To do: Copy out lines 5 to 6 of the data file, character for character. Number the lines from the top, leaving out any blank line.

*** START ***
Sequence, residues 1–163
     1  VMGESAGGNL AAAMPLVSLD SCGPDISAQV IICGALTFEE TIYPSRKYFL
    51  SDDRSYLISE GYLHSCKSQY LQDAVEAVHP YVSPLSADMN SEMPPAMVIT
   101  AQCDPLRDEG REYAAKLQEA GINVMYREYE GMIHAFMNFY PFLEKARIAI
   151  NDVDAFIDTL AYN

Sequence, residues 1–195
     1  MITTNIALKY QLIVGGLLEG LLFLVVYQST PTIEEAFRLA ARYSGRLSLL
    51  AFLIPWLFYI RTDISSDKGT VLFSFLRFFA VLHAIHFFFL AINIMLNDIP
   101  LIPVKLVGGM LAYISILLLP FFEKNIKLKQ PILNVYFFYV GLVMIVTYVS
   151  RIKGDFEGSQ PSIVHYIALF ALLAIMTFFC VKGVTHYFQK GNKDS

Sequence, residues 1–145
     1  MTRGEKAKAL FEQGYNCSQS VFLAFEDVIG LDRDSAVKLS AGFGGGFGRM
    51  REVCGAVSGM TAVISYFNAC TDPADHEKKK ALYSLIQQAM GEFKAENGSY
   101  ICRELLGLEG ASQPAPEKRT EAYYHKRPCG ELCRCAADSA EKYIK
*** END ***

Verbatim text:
   151  NDVDAFIDTL AYN

Sequence, residues 1–195